In relation to the poor in New York if there are means left after the foreign emigration are provided for, you are at liberty to assist them to come here to the extent of such surplus; but the foreign emigration must first be got through. In case you find yourself able to assist as aforenamed, there is a bro. Charles Holm, at Frederick Culmer's, at the corner of North 7th & 6th Streets, Williamsburg, Brooklyn E. D., who has written to me for aid and in reply I have referred him to you, and you can act in the matter as your judgement and the means will warrant, requiring him, of course, to do all he can towards paying his way, and giving him such advice in relation thereto, as the circumstances will warrant.

Should you learn that the 500 teams will not be sufficient, please telegraph the number that may be wanting, and we can send them to the terminus in about two weeks. 

Since writing the foregoing your favor of the 20th ult is to hand, and I telegraphed you yesterday as follows "Received your letter of 20th, all right, see when you can do the best; will write particulars. Boys well." I should have telegraphed more definitely, but could not safely, as the cypher was not full enough to answer. What I wanted to state was that it would be well to see Mr. Beach and if you found it advantageous to close a bargain with him, endeavor to have him deliver the passengers and freight at Chicago, other wise the other road may feel vexed and charge you more from Detroit to Chicago than all the advantage you have gained by employing the Grant Trunk only to Detroit. this is a point you will need to notice. It may also be well, if these lines do not reach you too late, to enquire into the feasability of the route from Portland, Maine, and improve every opportunity for fending against combinations and extortionate prices.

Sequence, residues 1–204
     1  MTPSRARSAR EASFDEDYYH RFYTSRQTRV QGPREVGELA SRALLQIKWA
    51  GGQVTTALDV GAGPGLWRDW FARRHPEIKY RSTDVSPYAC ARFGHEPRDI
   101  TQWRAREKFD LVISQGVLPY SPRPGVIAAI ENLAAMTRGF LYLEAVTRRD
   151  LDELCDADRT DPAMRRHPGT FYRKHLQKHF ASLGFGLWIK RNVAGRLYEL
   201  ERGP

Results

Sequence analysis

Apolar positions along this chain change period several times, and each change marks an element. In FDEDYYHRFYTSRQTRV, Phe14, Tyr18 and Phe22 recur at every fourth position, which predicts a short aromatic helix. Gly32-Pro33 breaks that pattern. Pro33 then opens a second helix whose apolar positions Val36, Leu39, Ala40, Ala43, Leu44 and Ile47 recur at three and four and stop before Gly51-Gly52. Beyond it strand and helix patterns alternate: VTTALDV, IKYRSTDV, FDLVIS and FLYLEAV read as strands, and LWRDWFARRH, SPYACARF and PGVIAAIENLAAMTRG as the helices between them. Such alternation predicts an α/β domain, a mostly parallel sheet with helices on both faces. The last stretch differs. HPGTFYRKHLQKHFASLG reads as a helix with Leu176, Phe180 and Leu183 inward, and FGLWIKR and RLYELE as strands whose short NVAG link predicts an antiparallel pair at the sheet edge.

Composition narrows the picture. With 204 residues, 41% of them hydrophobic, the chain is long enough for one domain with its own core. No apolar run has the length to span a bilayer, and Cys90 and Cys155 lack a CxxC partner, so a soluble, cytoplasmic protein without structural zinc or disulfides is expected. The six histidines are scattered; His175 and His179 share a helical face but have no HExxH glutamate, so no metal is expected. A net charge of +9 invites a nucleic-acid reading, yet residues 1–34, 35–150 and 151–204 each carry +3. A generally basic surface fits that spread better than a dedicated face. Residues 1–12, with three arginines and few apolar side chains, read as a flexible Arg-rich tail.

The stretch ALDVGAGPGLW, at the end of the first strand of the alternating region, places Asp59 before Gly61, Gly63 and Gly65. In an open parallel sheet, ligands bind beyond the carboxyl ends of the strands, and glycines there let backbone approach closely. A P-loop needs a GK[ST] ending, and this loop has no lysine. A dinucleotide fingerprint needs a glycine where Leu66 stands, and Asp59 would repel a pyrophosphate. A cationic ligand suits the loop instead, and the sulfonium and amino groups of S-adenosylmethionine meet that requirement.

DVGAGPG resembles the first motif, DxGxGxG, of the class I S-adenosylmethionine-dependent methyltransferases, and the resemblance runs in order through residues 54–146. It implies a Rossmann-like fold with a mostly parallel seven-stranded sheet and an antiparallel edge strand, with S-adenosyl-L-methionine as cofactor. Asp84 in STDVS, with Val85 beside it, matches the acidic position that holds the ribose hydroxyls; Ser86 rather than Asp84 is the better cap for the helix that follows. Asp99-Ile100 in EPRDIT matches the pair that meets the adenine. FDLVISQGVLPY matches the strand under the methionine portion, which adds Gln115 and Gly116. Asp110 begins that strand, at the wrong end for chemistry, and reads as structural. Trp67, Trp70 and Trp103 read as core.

Do not be in so much of a hurry as to prevent you from availing yourself of every facility for transporting our emigration comfortably and upon the most advantageous terms circumstances will permit.

Please make inquiries as to whether vessels are often wrecked in the Gulf of St. Lawrence at the season of the year when our emigration will want to be passing.

I wish you to inform Mary Jane Pusey, of Danbury, Connecticut, that there is an opportunity for her to come to Utah this season, and that you will give her such counsel and advice and render such assistance as may be needful to enable her to come through.

On the 7th inst. I forwarded you a $10.00 draft from Wells Fargo & Co. the "First drafts of Wells, Fargo & Co. one for $10,000 and one for $117.78, on their House in New York; I now enclose the Seconds, No. 1352 for $10,000 and No. 1301 for 117.78/100. These sums are for emigration purposes.

A copy of this letter will be sent by same mail to bro. Franklin, (with form of note to be used by him) that he may also be familiar with the instructions given you in reference to the emigration on this side of the water,

Money and business continue as when last advised, and the boys and all your family and friends, as also bro Staines, are well, as far as I am advised.

My health is good and I expect to leave in the morning on a short visit to Provo

Your Brother in the Gospel
Brigham Young